By Helena Kilburn
With its vast natural land and its remarkable environmental programs, Sewanee is known for its ability to educate the environmental leaders of the future. Many students study environmentally-related subjects here and are curious about how to follow this passion post-grad.
To address this concern, Eban Goodstein, director of both the Center for Environmental Policy and the MBA in Sustainability at Bard College in New York, came to speak to Sewanee students. His talk, during lunch time on November 7, was titled “How to Get a Job Saving the Planet: Sustainability Careers in Business, NGOs, and Government.”
Held in McClurg Dining Hall’s ABC Room, the talk had a large turn out, especially for a lunch-time meeting. Approximately 30 students and a handful of faculty and staff gathered around a large square of tables and at additional seating in the back. Surprisingly, for a talk about transitioning to a career, the crowd contained students from every grade level.
Goodstein began by outlining the process to get to a career in sustainability, which to him, requires vision, courage, network, story-telling, and asking. According to Goodstein, these are the steps to make your vision a reality. This is especially important for people who are either just graduating college or beginning in the field, since this transition from vision to reality has to happen quickly. For our generation, taking our time is not an option.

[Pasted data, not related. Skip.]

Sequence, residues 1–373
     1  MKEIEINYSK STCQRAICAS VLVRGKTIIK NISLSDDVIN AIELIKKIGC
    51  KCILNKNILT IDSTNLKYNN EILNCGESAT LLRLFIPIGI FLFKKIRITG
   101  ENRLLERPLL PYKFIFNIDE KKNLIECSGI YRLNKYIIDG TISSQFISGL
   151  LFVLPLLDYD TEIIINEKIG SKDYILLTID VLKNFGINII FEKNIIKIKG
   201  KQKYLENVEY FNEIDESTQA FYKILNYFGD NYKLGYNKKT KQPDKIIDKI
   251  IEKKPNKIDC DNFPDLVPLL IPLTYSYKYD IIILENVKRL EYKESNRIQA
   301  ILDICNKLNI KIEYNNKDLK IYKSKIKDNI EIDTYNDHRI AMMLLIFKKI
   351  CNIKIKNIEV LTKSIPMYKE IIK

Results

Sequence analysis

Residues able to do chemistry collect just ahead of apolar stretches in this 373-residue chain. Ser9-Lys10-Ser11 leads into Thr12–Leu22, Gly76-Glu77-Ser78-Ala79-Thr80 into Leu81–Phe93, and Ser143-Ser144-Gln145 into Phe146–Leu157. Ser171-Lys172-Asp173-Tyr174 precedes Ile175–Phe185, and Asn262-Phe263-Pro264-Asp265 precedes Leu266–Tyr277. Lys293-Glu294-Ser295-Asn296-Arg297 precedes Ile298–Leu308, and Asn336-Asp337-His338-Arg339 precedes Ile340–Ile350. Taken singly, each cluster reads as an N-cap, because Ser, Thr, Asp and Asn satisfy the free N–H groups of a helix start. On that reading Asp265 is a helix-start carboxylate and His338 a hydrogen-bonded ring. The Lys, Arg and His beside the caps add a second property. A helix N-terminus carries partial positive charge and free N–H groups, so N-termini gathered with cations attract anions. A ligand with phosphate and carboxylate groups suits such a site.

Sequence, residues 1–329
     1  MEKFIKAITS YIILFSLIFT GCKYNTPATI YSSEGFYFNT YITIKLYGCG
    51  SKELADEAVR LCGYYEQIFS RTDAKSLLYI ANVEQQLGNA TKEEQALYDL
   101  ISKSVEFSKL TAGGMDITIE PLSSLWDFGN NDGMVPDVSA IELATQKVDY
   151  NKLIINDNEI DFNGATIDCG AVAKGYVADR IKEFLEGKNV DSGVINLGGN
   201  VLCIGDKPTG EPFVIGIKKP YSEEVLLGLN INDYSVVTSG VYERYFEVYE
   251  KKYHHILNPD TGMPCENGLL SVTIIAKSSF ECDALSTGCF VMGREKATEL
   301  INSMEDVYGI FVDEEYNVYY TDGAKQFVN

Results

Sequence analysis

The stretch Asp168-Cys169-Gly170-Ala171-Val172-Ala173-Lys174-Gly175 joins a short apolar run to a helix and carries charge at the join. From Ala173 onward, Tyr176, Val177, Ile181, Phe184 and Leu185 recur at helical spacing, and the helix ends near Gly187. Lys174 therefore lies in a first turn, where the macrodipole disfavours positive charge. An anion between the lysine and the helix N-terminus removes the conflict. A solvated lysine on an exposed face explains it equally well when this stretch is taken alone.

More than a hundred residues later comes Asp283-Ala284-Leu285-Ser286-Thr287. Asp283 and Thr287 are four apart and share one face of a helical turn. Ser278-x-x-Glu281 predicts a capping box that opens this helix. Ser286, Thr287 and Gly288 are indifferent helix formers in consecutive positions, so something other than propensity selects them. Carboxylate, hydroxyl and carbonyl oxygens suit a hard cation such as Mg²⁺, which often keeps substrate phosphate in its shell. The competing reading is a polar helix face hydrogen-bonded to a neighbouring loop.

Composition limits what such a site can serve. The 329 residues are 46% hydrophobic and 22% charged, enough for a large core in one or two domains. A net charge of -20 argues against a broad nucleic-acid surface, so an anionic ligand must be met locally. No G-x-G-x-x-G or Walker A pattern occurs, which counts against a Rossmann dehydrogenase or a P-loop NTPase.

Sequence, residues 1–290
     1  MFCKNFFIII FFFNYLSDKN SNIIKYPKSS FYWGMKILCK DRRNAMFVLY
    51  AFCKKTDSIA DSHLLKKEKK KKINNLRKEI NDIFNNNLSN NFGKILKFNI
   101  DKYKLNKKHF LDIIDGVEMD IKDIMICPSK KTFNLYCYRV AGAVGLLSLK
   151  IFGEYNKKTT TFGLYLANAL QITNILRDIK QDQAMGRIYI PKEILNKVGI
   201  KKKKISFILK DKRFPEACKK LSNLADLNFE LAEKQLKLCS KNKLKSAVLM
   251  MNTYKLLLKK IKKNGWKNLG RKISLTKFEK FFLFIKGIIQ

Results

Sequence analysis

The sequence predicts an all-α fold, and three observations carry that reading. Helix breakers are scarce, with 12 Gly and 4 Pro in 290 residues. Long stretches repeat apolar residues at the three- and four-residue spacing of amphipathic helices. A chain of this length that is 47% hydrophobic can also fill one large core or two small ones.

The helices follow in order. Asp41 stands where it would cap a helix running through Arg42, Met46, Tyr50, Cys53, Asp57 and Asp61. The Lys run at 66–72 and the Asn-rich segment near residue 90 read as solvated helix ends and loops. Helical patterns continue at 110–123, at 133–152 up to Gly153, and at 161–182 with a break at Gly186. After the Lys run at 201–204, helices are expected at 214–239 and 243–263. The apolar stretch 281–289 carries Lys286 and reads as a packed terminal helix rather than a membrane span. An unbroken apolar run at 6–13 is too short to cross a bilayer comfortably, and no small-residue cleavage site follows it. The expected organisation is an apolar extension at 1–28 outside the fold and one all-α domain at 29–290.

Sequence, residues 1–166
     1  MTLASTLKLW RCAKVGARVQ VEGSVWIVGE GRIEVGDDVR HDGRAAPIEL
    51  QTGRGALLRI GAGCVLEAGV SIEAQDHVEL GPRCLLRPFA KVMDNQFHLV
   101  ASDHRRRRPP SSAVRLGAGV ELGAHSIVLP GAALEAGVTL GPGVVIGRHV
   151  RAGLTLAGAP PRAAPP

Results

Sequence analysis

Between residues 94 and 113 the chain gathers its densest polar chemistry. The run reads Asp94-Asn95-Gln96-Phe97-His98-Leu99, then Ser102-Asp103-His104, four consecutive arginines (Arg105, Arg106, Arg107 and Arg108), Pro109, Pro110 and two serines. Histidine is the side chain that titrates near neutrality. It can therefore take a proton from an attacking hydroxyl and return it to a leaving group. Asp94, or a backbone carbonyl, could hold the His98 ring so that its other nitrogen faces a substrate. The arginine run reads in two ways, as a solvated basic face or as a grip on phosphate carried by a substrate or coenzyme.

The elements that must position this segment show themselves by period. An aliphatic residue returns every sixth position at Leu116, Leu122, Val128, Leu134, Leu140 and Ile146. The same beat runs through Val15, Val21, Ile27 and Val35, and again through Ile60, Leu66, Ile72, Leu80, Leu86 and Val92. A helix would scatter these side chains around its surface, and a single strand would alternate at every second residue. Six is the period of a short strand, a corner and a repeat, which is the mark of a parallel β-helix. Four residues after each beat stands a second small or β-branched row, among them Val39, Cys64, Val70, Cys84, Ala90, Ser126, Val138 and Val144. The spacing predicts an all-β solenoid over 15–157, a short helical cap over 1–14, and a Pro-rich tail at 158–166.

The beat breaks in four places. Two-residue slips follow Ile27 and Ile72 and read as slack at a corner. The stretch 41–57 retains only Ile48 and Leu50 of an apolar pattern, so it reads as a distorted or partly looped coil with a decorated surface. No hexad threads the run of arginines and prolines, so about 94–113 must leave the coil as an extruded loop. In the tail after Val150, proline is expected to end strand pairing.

He transitioned to talking about the three main areas of sustainability work: policy, education, and business. He articulated the purpose of each area expressing the policy changes that rules, education changes minds, and business changes the game. All of these areas are important because sustainability is fundamentally a career of problem-solving. We are faced with a huge problem that is made up of countless smaller problems, and if you have been called to or chosen a career in this field, it is your responsibility to solve these problems.
Goodstein finished with looking at specific steps for post-graduates. He made it clear that students about to graduate do not have the luxury of taking time off. It is becoming clearer that the environmental crisis will not wait for us to catch up, so we must chase after it with everything we have. He encouraged all the students to either go and begin a job or head to grad school. In other words, find something that’s right for you but that simultaneously contributes to the work that needs to be done. This final piece of advice encouraged the students in the room to chase after the dreams that they have and to believe that change can be made.